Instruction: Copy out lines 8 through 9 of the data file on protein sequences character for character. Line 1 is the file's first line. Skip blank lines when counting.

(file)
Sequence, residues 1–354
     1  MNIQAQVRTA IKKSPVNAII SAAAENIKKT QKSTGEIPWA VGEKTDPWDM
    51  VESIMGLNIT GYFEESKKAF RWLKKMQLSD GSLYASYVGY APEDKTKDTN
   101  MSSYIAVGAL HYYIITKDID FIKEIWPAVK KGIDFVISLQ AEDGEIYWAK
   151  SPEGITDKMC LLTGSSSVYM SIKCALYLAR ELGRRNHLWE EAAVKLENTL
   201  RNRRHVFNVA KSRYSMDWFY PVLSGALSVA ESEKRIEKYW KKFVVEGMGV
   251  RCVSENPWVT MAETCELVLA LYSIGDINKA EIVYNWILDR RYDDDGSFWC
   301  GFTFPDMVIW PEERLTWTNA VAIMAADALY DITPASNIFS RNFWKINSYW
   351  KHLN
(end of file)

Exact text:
   301  GFTFPDMVIW PEERLTWTNA VAIMAADALY DITPASNIFS RNFWKINSYW
   351  KHLN